An Epilogue to “A Lenten Lord of the Rings”

We come to it alas: the breaking of our pilgrimage. “I will not say: do not weep; for not all tears are an evil.” Sixty days have we reflected: over a thousand pages have we read. We have traveled long roads between the Shire and Mt. Doom, there and back again. We have mused upon many matters: joy and sorrow, golden hair and golden flowers, mushrooms and oliphants, great kings, great rings, and simple hobbit courage. We have passed through ashes and alms, fasting and Fridays, prayer and penance, Cross and Easter. And now, it ends.

How can we conclude such a journey? About what has this ultimately been? In part, we have each engaged this text from our own place and person; yet in part we have taken this pilgrimage together. Woven through the pages of this text and these reflections are threads of the things that really matter, the highest things: the good, the true, the beautiful, and the need to defend them lest we lose them. At its core, The Lord of the Rings is about the final question: the struggle with life, death, and immortality. It is a story about the passing of wonderful things, about the changing of the world. That is why it has been so fitting to wander the paths of Middle-earth this Lent: for as C.S. Lewis so aptly noted, “Here are beauties which pierce like swords or burn like cold iron. Here is a book which will break your heart.”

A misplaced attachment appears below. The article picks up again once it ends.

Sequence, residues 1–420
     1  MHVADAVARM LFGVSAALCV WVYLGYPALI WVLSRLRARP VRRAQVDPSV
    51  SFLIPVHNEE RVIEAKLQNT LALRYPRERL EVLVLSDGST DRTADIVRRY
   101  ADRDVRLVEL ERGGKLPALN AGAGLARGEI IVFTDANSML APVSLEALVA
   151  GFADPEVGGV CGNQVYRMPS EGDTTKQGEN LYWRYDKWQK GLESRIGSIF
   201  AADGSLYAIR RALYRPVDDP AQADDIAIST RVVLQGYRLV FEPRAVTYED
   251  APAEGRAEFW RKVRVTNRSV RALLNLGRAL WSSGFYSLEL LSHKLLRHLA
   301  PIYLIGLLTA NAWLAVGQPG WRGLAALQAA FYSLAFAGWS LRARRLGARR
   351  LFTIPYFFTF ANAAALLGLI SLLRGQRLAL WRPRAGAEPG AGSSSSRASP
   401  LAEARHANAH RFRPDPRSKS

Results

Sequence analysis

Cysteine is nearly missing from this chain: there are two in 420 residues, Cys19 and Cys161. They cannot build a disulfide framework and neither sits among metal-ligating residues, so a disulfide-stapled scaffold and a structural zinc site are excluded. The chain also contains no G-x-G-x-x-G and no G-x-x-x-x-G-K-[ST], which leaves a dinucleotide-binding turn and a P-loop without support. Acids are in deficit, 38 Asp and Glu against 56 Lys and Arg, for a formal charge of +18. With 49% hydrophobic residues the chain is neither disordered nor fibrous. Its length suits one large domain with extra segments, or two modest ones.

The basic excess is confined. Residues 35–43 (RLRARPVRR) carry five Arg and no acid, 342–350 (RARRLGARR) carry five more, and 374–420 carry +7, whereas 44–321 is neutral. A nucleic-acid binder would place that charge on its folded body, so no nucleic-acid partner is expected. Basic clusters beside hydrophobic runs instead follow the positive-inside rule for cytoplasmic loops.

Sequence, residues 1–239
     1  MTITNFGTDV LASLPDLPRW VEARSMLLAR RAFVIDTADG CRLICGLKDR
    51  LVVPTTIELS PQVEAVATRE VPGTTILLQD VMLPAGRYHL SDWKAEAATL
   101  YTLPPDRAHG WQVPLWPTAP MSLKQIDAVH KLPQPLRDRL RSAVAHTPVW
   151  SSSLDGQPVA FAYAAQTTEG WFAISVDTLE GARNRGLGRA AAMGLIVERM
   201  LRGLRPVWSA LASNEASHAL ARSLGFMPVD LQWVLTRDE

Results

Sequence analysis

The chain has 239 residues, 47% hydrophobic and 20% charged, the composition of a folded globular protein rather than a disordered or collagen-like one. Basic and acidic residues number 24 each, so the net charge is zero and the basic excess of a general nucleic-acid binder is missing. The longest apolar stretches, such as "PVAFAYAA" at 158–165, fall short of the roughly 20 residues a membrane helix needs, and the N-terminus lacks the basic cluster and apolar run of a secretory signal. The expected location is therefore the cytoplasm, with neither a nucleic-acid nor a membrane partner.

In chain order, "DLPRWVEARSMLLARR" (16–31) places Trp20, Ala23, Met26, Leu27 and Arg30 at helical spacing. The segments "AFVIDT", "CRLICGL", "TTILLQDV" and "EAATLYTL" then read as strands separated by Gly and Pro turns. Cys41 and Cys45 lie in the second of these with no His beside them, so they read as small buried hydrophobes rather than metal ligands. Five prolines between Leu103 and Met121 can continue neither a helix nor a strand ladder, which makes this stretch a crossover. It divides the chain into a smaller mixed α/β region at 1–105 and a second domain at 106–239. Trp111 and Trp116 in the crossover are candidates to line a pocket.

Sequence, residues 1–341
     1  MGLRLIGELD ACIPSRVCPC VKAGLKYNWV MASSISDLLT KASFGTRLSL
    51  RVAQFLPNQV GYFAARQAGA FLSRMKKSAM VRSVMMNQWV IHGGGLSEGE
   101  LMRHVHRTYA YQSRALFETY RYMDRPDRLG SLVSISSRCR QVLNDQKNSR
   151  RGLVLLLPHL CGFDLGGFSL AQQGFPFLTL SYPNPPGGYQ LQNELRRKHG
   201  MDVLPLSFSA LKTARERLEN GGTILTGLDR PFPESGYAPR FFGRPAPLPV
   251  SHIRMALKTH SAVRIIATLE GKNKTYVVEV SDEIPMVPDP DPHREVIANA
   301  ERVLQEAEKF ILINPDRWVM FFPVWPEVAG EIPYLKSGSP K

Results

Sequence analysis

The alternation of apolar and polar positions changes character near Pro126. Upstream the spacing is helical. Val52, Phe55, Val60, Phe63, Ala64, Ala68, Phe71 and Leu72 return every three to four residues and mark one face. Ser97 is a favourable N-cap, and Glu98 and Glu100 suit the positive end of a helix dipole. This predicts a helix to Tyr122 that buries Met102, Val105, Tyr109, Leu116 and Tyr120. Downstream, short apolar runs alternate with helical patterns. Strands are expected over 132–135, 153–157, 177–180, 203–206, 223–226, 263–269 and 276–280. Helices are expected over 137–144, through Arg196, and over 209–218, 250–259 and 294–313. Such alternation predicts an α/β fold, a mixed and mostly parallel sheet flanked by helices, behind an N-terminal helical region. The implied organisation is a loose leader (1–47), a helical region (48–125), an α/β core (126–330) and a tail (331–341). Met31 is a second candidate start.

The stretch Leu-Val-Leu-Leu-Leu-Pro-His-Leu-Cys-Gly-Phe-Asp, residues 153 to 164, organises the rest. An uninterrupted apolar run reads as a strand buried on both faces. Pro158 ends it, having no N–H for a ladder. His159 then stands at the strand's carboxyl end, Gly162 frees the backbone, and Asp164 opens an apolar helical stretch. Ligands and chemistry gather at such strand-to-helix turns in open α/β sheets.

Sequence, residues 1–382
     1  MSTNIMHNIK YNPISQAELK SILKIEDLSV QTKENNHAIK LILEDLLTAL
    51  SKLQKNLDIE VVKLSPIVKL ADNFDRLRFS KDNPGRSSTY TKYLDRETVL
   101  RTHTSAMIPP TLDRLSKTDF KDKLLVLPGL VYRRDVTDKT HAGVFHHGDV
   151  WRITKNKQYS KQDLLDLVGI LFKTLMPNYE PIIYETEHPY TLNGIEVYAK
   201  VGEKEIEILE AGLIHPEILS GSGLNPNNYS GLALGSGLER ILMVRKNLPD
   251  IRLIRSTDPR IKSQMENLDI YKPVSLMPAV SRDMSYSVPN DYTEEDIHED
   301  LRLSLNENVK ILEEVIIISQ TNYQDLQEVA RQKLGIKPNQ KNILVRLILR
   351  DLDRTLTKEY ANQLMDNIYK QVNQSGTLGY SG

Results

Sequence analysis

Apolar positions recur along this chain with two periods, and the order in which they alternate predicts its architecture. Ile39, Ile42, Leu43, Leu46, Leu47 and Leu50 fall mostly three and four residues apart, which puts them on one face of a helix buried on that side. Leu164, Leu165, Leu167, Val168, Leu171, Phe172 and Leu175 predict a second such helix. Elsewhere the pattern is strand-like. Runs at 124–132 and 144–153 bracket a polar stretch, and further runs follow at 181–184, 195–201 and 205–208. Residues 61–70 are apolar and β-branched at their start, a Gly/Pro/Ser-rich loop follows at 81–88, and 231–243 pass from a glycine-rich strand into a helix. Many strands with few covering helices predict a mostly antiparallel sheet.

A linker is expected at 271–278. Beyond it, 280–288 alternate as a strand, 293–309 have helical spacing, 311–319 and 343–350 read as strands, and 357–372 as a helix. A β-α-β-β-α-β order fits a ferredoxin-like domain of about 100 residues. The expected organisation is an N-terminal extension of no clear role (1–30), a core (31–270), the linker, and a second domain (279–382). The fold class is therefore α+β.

Indeed, each time I return to Tolkien’s tale, I am moved in its telling: and I have been humbled to be able to share that passion and love which each of you these past sixty days in these reading and reflections. No words can appropriately express my gratitude for all of your support in helping me to realize this long-desired dream. And though each of you has helped turn the wheels of my heart in small and secret ways, I express particular gratitude for my parents’ encouragement – especially my father, who first introduced me to The Lord of the Rings when he read them aloud to me almost fifteen years ago – and my fiancee’s enduring support. I am truly blest.

In the joy of Easter, we bid farewell to this our great endeavor. And yet this is only the beginning of the journey, for Tolkien’s pages are rich in their depths and demand a return. I invite you to make this an annual tradition of yours, and on the Reading Plan section of this site you can download for yourself a copy of the 2016 Lord of the Rings Lenten Reading Plan. Until then, I bid you all a very fond farewell: for then shall I say, “Well, I’m back.”

One thought on “An Epilogue to “A Lenten Lord of the Rings”

  1. Pingback: On the Return of the Lent | A Lent of the Lord of the Rings

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